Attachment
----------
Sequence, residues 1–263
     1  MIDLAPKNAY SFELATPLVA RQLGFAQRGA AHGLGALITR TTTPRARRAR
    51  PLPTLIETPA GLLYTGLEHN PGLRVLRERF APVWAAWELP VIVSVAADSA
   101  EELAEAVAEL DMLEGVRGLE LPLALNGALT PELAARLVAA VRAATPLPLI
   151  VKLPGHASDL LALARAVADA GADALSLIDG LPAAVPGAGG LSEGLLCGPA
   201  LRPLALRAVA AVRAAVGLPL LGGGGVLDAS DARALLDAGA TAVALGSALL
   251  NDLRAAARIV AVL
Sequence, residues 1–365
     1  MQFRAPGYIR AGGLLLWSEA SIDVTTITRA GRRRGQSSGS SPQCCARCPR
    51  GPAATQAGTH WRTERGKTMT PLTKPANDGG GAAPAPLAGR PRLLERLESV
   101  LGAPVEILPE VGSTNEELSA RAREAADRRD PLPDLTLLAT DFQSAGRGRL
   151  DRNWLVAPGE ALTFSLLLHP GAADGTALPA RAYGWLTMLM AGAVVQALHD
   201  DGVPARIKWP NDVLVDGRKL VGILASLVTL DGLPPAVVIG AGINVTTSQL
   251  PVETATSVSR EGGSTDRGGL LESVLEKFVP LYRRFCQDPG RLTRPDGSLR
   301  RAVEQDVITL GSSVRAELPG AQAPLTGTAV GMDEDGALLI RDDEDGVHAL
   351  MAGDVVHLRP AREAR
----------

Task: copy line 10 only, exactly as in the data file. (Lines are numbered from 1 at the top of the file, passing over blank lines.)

    51  GPAATQAGTH WRTERGKTMT PLTKPANDGG GAAPAPLAGR PRLLERLESV